Terrence Malick’s To the Wonder is another spiritual inquiry launched by this erratic poet of US cinema from the bosom of an intimate story: here, it’s the troubled romance between Marina (Olga Kurylenko) and Neil (Ben Affleck), an American in France.
Unlike 2011’s The Tree of Life, this film may not lunge back to the dawn of time for its answers, but it guns for similar Big Questions. Its feet may hover marginally closer to the ground than its predecessor, but it’s also a more aloof, hollow work.
Whispery voiceovers, magic-hour photography, travelling cameras, short scenes and quick cuts dominate again and offer a fluid, loose sense of time and place. But the thrust of To the Wonder is roughly chronological. Neil and Marina’s romance begins in Paris, with an early, enchanting visit to Mont Saint-Michel in Normandy.
The pair move to the Oklahoma suburbs with Marina’s young daughter where Neil works as a construction engineer. But the couple have trouble settling. Marina moves away; Neil has an affair with an old friend (Rachel McAdams); Marina returns, but questions of commitment and contentment continue to dog their relationship.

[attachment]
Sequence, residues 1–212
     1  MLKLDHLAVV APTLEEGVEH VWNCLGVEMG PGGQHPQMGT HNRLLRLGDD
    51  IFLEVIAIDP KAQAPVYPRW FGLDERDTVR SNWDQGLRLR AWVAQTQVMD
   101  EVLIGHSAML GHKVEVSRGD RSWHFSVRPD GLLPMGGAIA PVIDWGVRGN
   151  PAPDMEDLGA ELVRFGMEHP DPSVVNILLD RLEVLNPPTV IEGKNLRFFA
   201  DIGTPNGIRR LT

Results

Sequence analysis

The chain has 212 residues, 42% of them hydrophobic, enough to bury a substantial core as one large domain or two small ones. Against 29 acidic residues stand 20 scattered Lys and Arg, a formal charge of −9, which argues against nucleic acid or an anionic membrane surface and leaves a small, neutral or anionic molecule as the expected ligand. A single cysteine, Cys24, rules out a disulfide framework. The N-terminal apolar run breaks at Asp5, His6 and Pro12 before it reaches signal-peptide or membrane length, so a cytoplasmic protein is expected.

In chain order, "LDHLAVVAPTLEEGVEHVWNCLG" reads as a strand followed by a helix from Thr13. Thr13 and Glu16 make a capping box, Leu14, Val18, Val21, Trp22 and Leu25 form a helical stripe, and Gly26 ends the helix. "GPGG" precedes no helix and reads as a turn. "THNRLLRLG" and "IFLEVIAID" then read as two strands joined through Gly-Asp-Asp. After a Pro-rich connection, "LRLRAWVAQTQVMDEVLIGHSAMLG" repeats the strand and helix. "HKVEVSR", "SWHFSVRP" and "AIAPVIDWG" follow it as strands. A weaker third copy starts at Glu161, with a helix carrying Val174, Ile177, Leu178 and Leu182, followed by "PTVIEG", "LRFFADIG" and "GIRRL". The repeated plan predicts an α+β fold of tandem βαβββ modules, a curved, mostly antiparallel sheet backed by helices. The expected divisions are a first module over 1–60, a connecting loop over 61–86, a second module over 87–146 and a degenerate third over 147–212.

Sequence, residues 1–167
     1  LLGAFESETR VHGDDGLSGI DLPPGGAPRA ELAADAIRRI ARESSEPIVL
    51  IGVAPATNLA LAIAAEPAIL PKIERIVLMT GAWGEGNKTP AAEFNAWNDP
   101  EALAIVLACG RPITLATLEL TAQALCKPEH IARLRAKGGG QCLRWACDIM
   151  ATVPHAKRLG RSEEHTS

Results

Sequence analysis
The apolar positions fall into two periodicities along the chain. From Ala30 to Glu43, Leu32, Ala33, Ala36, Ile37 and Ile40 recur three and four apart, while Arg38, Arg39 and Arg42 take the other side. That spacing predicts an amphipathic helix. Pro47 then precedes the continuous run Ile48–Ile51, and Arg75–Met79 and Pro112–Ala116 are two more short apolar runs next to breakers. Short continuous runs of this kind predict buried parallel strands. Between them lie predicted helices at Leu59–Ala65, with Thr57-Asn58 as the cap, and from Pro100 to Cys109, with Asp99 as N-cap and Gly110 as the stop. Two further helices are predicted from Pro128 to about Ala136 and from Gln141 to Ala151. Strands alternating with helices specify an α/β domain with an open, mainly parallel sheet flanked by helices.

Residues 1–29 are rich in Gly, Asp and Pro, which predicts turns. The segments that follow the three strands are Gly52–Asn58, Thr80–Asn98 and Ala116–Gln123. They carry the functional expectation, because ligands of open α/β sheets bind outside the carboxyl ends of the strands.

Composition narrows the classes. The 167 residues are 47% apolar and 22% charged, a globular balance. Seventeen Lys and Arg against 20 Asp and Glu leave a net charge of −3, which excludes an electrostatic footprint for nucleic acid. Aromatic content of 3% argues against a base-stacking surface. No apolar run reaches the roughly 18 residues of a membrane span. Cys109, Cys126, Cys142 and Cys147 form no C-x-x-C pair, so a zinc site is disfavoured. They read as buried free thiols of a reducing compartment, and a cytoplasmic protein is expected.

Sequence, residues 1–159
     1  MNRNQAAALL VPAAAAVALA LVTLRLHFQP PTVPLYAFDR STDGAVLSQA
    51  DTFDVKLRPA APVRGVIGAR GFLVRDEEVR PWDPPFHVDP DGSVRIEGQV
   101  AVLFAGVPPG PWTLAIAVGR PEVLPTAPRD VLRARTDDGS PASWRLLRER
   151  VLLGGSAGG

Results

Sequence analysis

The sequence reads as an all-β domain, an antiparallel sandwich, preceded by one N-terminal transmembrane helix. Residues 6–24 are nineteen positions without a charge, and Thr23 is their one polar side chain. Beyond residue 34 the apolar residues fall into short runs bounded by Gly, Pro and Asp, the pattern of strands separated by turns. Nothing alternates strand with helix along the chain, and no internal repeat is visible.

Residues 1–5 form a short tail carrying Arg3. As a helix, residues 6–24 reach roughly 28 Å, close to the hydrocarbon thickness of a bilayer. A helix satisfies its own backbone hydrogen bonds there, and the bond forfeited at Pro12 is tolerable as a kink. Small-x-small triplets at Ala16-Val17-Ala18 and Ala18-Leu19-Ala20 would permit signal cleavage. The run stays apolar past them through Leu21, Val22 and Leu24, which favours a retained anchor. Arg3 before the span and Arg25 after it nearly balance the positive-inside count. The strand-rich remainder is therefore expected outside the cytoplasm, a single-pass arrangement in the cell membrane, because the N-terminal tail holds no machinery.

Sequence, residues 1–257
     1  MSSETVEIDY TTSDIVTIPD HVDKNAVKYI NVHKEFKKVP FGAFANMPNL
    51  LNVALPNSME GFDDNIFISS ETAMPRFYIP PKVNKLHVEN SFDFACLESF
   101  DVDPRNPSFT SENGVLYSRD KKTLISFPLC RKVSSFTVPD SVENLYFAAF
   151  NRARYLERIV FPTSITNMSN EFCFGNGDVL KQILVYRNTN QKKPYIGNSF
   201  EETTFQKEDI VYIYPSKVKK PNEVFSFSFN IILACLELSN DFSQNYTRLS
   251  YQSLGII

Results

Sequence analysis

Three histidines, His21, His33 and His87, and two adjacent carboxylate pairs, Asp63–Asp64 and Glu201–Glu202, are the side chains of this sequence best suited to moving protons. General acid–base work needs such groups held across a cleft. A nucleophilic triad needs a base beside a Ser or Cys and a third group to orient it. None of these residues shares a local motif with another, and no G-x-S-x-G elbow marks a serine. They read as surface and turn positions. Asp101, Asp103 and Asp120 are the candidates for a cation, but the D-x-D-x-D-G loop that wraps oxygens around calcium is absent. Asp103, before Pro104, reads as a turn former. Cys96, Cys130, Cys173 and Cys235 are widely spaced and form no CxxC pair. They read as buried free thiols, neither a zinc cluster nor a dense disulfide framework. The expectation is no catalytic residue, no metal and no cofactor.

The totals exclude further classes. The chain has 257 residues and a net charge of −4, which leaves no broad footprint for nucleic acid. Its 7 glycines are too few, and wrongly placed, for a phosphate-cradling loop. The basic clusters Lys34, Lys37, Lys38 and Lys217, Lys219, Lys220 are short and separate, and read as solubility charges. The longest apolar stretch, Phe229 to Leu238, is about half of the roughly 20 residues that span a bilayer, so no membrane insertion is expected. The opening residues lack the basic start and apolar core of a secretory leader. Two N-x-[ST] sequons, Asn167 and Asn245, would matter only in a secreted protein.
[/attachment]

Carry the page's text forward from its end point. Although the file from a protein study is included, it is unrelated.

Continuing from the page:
There’s barely any dialogue. Most talk emerges in voiceovers by Neil, Marina and a priest, Father Quintana, played by Javier Bardem. Quintana offers confused Marina some succour, but more crucially his presence helps Malick to frame his debate – already dominated by an interpretation of love as a Garden of Eden awaiting corruption and ideas of good, evil and temptation. If The Tree of Life felt like a deeply spiritual film with nods to the Christianity of its characters, To the Wonder operates more clearly within the theatre of Christian thought.
Big events are either buried or over quickly, and repetition and an over-familiarity of Malick’s visual tics and style begin to grate. Neil and Marina’s love is characterised by endless skipping through gardens, fields or parks. Endless skies, sunsets seen through trees, hands running through corn fields and spray from garden hoses all begin to feel like parody.
A sterile sheen does the film no favours either: interiors, exteriors, clothes and nature alike feel overly groomed and too neat and clean to be real. As if employing a counterpoint to this glossiness, Malick presents a series of grizzled local characters in Oklahoma and yet their presence jars against the Hollywood finesse and good-looks of his main cast. There’s a phoniness to the film’s people and places that keeps us at a fatal distance from the big ideas with which To the Wonder seeks to engage us.